ONE-WOMAN SHOWMANSHIP BACK BY POPULAR DEMAND
Rain Pryor admits “my life work is providing for my family and it also takes me away from them.” The multi-talented daughter of comic legend Richard Pryor travels the globe extensively as an acclaimed actress, director, Jazz/Blues vocalist, comedienne, speaker and educator, so it should come as no surprise she finds herself “in the process” of striking that often-elusive balance between family and friends.
Pryor returned to New York City in April and shared a glimpse of what life was like growing up black and Jewish in the one-woman autobiographical show, “Fried Chicken and Latkes,” at the Abingdon Theatre Arts Complex. Off-Broadway audiences watched a fiery display of comic genius unfold as she portrayed her famous father and militant Jewish mother, along with her yenta maternal grandmother and paternal grandmother.
“I thought I created a drama. And then the audience laughed and I was like, ‘What? My life’s a comedy? Are you kidding me?” Pryor told NY1 in a recent interview.
All jokes aside, Pryor took a moment away from her busy schedule to talk about why she’s serious about finding a cure for multiple sclerosis (her father was diagnosed with MS in 1986) and other family matters in this exclusive with Tania Fuentez Media.
NOTE: Photo courtesy of Rain Pryor.
TFM: On your Web site, you say this is the year to transform, empower and inspire. How has that translated on stage in the award-winning one-woman show, “Fried Chicken and Latkes,” which just wrapped its off-Broadway run at the Abingdon Theatre Arts Complex. By the way, the show’s title is priceless …
RAIN: Well, I want my audience to walk away with a look inward and then transform them, into a new way to see race and the world.
TFM: Fans may remember your 1989 début on ABC’s sitcom “Head of the Class,” but you have an extensive and diverse professional resume, which includes recently being named Artistic Director of The Strand Theater in Baltimore. How does that feel? Can you share a few pointers for the comedic actress in training? When do you find time for family and friends?
RAIN: Being an AD is wonderful and filled with challenges. I am creating content that will provoke conversation and thought. For the comedic actress in training I tell them to be authentic. That humor is all about truth and our willingness to expose what that is to us. I am balancing my family and friends and it’s sometimes difficult. My life work is providing for my family and also takes me away from them. It’s never easy to be working all the time and then find time to make a decent meal, to have quality time with family and friends. So, I am in the process now.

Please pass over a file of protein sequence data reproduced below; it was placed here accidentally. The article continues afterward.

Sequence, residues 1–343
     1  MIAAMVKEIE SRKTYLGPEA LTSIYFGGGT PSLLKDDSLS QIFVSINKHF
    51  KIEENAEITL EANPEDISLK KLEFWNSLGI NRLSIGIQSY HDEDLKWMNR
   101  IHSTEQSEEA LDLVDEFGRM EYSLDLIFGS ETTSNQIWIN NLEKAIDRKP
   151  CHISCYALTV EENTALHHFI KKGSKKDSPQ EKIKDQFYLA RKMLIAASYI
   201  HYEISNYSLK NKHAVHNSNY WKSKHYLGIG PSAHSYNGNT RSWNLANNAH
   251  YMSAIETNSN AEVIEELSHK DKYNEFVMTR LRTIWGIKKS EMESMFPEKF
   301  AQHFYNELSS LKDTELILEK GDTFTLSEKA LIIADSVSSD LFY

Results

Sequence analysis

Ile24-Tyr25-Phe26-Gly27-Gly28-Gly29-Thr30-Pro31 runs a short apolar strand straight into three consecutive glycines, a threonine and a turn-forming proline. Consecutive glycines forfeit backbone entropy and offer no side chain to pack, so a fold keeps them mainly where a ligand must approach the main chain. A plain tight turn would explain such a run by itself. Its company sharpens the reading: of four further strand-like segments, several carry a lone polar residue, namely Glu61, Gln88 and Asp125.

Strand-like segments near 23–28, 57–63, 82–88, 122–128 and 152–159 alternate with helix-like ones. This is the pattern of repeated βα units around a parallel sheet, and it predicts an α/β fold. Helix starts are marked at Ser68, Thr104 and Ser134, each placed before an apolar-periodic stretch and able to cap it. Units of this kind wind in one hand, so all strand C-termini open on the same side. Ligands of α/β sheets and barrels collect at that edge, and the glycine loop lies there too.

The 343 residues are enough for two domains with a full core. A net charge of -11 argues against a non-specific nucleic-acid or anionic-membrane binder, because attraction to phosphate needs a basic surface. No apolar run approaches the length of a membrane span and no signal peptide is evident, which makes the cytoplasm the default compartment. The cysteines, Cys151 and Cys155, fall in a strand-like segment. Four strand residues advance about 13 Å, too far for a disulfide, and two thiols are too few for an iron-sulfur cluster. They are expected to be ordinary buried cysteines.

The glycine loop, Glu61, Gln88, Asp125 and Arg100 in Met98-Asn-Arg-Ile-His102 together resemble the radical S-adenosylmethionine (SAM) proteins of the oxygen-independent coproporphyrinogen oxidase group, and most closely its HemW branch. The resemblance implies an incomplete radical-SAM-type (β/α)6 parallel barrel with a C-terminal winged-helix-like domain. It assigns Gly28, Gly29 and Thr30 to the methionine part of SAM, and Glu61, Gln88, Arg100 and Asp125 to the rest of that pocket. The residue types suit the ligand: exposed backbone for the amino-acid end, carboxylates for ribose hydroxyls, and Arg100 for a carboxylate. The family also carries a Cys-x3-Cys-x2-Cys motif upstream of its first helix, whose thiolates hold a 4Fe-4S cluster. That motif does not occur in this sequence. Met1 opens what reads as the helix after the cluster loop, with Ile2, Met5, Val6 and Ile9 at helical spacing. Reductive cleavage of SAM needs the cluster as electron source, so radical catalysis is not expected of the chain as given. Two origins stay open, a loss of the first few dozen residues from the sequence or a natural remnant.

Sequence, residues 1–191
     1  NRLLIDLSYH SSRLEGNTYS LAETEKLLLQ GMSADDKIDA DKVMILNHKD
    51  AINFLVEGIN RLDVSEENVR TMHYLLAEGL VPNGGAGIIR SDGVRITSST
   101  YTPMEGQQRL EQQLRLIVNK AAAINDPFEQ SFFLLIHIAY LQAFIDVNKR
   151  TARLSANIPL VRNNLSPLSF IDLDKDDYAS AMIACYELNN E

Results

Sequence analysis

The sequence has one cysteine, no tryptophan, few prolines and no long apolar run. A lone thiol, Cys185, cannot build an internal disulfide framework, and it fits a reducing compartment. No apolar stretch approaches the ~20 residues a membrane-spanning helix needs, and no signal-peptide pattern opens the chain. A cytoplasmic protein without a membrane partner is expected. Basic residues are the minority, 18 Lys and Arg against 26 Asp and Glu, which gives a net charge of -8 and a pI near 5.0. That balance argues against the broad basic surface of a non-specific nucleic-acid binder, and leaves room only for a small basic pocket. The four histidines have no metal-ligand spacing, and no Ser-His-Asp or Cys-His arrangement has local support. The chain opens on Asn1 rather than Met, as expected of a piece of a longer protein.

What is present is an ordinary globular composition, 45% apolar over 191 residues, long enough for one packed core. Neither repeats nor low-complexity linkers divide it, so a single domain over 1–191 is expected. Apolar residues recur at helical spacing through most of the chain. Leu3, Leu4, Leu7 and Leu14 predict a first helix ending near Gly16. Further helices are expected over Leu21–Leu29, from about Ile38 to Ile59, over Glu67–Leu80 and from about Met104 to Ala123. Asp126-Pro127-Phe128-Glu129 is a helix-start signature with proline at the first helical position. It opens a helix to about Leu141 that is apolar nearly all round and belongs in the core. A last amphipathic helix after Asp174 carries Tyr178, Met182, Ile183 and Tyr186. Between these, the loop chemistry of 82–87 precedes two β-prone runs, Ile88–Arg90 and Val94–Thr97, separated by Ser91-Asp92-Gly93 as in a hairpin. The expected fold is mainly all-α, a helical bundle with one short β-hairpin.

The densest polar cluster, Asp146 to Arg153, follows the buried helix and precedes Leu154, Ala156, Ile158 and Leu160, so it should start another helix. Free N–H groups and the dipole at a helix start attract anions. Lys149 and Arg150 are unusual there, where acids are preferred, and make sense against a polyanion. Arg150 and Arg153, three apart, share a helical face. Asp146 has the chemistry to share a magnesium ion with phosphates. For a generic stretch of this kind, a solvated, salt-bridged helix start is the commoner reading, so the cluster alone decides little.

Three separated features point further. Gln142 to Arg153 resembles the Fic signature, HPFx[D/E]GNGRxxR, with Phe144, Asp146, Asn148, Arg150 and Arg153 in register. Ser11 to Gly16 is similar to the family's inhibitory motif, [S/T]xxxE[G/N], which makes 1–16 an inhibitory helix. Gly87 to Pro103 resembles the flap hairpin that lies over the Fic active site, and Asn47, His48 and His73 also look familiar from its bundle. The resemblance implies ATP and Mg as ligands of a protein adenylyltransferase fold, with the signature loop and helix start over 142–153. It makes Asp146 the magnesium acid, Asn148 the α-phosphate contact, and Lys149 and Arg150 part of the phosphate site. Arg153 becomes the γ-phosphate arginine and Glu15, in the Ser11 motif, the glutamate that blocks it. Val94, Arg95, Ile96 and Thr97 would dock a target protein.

TFM: Funniest thing you remember and cherish about your father, Richard Pryor? Did you ever wish for more time with him as a child? What helped heal a self-described strained relationship as an adult and eventually led to sharing that story in the book, “Jokes My Father Never Taught Me: Life, Love and Loss with Richard Pryor.”
RAIN: My daddy was an amazing artist. He couldn’t always be present and a genius. I learned to understand dad and to loved him for who he was. I lived with him growing up, at times. I spent more time with him as a child than as an adult. All I wish is that he were here now to see my glow!
TFM: Why is involvement with the National MS Society so important to you as an educator and advocate for curing multiple sclerosis?
RAIN: MS is a silent disease that without knowledge of treatments can cause the progression of the disease. Had my father received the best treatments (by the way, some weren’t available when he was first diagnosed), I would tell another story. We must find a cure and clear away the politics around medicines and cures.
TFM: For those who don’t know, you are a critically acclaimed Jazz/Blues vocalist. So, who are you usually listening to and who’s among your all-time favorites?
RAIN: I love Adele, Etta James, Aretha Franklin, Billie Holiday … my list is long.
TFM: I am curious about your approach to teaching “Mindful Acting” classes. What does that involve and are most students receptive?
RAIN: Yes, my students rock! It is my goal to teach you how to be authentic and to take risk when approaching a role. When we are self-aware we can transmit authenticity/truth to our work. Acting is about truth. Making the audience believe and go with you on the character’s journey.